Notably, players could only access the emote after purchasing a $10 battle pass—Fortnite, which is free to play, makes millions of dollars each day from such in-game purchases. While players can no longer access the emote, their characters can still perform it if they obtained it in Fortnite season five. 2 Milly wants it completely removed from the game.

The lawsuit, filed Wednesday (Dec. 5) in California district court, alleges that Epic Games “unfairly profited from exploiting Ferguson’s protected creative expression and likeness.” What’s more, the suit says, “Epic has consistently sought to exploit African-American talent in particular,” before claiming that dance moves by other black artists such as Snoop Dogg, Alfonso Ribeiro, Will Smith, and Donald Faison have also been turned into emotes without consent.

While Fortnite has created emotes out of dance moves from people who are not black, like the “floss dance” originally performed by Russell Horning (aka the “backpack kid”), 2 Milly’s lawyers point out that there is also a race issue at hand. “There seems to be this disrespect and undervalue, or lack of appreciation, for African-American talent,” David L. Hecht, one of 2 Milly’s lawyers, told The Washington Post (paywall).

Earlier this year, Chance the Rapper also criticized Fortnite for appropriating content by black artists without credit or compensation.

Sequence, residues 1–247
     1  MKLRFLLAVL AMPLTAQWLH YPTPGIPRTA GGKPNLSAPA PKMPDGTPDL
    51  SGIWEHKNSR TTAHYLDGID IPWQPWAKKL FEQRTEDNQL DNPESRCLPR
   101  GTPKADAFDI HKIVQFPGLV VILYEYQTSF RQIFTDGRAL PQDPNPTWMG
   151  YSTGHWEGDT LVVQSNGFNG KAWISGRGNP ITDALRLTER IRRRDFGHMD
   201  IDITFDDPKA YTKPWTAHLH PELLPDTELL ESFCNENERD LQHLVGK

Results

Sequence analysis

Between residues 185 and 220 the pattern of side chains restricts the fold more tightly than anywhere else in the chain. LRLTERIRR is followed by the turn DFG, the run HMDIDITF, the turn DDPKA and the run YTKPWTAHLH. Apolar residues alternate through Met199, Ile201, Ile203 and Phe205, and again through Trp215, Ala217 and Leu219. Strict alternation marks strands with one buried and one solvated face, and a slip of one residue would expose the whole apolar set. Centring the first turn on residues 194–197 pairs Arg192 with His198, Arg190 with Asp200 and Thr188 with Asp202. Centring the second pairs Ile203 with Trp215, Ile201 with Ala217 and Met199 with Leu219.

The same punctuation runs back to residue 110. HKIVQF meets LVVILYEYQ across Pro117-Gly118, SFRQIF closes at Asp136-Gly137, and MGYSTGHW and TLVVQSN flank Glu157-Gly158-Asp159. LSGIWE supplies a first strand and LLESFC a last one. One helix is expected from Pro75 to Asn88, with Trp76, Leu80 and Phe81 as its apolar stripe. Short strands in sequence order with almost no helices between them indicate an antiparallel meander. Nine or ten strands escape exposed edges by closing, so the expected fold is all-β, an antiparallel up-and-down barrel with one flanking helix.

Faison, who is best-known for starring in the TV show Scrubs, and whose spontaneous dance on one episode was also turned into a Fortnite emote, had previously joked on Twitter about consulting a lawyer.

But as The Verge points out, 2 Milly’s lawsuit is the first formal legal challenge against any video game for appropriating pop culture, which many mainstream games have done in the past. The lawsuit states that 2 Milly filed an application to copyright the Milly Rock on Dec. 4.

Dance choreography is protected under the Copyright Act of 1976, but the law does not necessarily protect individual dance moves or simple parts of routines. (This explainer video by Insider covers the legal debate.) However, if Fortnite’s developers created the emotes based on popular dances by “coding still frames of the source material,” as the lawsuit alleges, there could be significant cause for Fortnite to worry.

In an interview with TMZ, 2 Milly emphasized that he is mainly focused on getting “fair compensation” from any revenue linked to the “Swipe It” emote specifically. In reference to how Fortnite copied the dance move without his permission, “We can’t do that type of business,” 2 Milly said.

In a statement to Quartz, Epic Games said they do not comment on ongoing litigation.

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